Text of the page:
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  • For better results, orders placed during the summer will be delivered in the fall
  • For better results, orders placed during the summer will be delivered in the fall

American mountain ash (sorbus americana)

Regular price $7.50

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Considered a shrub or small tree, the American mountain ash can reach 10 m in height. Its smooth trunk is covered with reddish-brown or grayish-green bark, marked with protruding lenticels. As it ages, the bark becomes a little scaly and becomes exfoliated with age. Its alternate leaves are composed of 11 to 17 finely toothed leaflets, elongated and ending in a point. Its small white flowers are gathered in a slightly domed inflorescence in spring. Its fleshy, globular fruits are red or orange. They persist all winter.
Reproduction. Mountain ash lives in mixed and coniferous forests but is found in greatest abundance in coniferous forests. Its orange fruits serve as food for birds during the winter. Its tender bark is one of the beaver's main foods. The Algonquins boiled the young branches of the mountain ash with white spruce, wintergreen leaves and white elderflowers in a little wine to make a strengthening drink.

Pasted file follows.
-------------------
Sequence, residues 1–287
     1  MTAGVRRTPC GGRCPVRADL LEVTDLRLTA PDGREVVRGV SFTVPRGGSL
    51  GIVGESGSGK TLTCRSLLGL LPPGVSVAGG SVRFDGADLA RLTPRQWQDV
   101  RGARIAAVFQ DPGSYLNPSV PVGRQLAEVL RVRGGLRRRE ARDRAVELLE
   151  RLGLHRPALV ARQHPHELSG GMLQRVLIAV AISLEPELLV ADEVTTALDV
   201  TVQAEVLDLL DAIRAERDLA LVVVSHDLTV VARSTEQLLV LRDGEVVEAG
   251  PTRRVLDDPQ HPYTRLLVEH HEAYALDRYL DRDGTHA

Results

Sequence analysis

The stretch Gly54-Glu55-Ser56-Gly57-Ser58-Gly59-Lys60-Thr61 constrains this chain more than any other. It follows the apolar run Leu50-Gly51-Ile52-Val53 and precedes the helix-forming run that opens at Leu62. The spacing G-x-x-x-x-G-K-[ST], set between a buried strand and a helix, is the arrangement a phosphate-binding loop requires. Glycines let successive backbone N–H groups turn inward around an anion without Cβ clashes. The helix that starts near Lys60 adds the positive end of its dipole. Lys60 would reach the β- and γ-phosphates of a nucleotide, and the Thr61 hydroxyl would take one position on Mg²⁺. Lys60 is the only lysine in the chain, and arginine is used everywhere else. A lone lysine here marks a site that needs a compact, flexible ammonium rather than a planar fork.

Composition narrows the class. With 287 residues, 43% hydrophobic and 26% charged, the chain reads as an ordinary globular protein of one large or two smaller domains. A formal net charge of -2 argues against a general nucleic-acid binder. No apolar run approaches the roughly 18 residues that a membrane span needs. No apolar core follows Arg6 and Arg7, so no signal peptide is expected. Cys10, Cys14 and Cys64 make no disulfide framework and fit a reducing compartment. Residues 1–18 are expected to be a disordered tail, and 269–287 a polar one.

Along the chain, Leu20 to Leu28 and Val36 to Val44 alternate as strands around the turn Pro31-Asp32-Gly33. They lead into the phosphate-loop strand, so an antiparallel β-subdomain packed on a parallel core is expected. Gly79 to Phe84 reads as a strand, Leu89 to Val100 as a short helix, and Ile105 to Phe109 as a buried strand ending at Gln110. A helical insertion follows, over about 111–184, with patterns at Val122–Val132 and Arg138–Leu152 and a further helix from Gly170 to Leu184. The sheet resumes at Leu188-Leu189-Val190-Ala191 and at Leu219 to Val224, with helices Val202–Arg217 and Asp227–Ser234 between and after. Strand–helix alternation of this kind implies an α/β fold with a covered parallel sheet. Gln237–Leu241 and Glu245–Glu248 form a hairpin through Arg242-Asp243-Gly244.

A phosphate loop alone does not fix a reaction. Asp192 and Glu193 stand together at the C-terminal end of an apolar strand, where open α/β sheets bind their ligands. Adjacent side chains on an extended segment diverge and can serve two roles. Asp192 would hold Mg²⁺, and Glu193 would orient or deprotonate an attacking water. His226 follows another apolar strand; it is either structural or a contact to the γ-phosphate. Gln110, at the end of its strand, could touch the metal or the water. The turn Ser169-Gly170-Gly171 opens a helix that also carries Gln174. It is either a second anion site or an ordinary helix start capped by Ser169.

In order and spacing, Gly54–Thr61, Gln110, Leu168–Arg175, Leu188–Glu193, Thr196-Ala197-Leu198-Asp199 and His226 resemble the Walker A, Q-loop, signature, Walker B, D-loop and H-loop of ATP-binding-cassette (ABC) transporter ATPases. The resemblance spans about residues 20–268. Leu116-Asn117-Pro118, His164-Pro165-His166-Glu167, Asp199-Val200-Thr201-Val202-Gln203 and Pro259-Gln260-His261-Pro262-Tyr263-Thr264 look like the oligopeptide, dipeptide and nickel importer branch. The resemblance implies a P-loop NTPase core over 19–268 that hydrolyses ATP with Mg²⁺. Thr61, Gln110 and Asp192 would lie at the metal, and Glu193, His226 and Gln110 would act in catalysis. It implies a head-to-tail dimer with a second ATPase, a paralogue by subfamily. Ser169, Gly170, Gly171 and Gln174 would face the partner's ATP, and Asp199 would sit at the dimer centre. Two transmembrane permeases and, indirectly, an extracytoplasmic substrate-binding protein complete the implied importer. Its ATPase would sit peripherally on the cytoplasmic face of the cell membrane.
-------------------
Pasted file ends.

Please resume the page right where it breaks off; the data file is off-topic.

Fatheads (fruits of the rowan tree) treated general weakness and nervous breakdown with the fibers of its inner bark and its scalded buds.
Picked very late, after the first frosts, the fruits are used to make jellies, jams and marmalades.
The fruits are antiscorbutic, diuretic and astringent. They are used as a source of vitamin C and against diarrhea and dysentery. They can be stored dried or in syrup.

Hardiness Zones

  • 3a, 3b, 4a, 4b, 5a, 5b, 6a, 6b, 7a, 7b, 8a, 8b, 9a


  • Sun

IMPORTANT: We do not deliver trees 6' and over! (Nursery pickup only)

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